breaking news


today is Sep 26, 2022

It’s no secret that every second counts. So, it’s no surprise teams spend millions of pounds every year on advanced technology to ensure their cars are designed to be as fast and as efficient as possible.

Throughout testing, two features you’ll frequently spot are aero rakes and hi-vis paint,  but what are they, and how do they help teams?


You might wonder, why do teams stick massive pieces of what looks like metal fencing on the back and sides of their cars?

They might not look good or seem like they’d benefit the car being streamlined, but they serve a very important purpose – helping teams work out how the air is flowing into and through the car.

These aero rakes might appear to be one single piece of metal. 

However, they are a series of pitot tubes sensors that use pressure to measure the airflow. For such a modern sport, pitot tubes were first invented in the early 1700s.The data is quickly gathered and measured trackside, allowing them to tweak wing angles or other parts to solve issues with disrupted airflow.

However, if any major problems are spotted, the data is sent back to base, where their aerodynamics design team might have to go back to the drawing board.

Each team is free to design their own aero rake, which is why you’ll see so much variation up and down the grid. They’ve continued to get bigger and more unusual every season.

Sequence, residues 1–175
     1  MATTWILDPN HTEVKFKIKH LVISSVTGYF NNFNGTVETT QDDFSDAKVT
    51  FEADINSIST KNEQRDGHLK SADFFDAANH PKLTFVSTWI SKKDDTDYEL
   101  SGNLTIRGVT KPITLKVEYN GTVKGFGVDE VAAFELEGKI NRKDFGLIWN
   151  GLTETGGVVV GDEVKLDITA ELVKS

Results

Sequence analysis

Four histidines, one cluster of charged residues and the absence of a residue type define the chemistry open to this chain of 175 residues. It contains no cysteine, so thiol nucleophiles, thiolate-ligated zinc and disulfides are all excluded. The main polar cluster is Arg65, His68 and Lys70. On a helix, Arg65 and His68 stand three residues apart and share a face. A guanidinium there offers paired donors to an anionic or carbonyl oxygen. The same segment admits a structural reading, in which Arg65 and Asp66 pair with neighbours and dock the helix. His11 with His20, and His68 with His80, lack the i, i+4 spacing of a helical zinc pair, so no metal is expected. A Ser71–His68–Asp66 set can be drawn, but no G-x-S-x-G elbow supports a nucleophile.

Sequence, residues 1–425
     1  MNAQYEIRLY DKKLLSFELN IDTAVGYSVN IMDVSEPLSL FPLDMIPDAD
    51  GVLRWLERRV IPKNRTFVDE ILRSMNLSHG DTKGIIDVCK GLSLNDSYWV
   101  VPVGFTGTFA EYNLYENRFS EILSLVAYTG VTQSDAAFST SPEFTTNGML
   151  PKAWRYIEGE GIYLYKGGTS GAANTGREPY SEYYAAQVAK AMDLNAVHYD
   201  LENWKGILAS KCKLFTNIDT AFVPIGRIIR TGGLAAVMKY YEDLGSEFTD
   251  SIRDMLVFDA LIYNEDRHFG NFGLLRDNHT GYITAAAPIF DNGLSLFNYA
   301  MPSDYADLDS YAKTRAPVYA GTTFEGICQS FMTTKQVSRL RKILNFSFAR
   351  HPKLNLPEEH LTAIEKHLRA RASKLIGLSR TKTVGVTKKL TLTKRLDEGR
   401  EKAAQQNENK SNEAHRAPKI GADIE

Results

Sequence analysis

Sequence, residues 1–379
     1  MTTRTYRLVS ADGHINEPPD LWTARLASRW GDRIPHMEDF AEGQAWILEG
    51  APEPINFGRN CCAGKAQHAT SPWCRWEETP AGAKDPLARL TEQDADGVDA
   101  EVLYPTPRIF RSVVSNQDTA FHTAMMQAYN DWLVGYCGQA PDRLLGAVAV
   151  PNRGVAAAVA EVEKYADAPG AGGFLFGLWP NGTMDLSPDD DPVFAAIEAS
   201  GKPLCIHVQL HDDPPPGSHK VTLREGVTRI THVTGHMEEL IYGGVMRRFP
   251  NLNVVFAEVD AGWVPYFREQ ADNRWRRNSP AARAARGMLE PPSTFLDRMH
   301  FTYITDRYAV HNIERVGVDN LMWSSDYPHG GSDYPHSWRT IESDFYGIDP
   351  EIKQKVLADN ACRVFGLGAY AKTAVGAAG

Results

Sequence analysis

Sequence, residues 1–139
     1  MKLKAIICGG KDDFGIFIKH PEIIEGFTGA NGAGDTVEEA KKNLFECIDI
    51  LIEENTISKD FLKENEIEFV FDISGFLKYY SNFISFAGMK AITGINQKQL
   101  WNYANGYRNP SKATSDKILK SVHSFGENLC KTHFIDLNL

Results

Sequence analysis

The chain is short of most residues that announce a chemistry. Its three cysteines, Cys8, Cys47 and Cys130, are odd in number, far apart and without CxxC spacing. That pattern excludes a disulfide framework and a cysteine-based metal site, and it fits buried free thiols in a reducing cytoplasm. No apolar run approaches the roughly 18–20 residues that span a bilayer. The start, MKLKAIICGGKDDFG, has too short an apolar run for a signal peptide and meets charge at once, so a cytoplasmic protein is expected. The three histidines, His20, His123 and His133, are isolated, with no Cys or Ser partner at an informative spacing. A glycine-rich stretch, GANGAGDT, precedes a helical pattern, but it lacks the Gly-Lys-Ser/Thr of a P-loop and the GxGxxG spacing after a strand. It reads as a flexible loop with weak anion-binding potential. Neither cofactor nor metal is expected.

Check out the one on Ferrari’s 2022 car right now. It looks like something off of Game of Thrones!


Surprisingly, this hi-vis paint (also called flow-vis paint) is rather ordinary. 

Made from a mixture of fluorescent paint powder and a light oil, usually paraffin, teams use it to give them a clear picture of how their car’s aerodynamics are working in practice.

Sections of the car are coated in the paint before being sent out on track. As the air flows through the bodywork, the engineers can easily tell how well the various parts are directing the air underneath the car.

If you spot areas where the paint hasn’t all come through or has split off into small patches, this suggests that a particular part might not be performing as it should and becomes an area to work on ahead of a session.

Although, we reckon this would be a pretty epic way to design an F1 car livery.

What part of testing would you love to learn more about? Let us know in the comments below.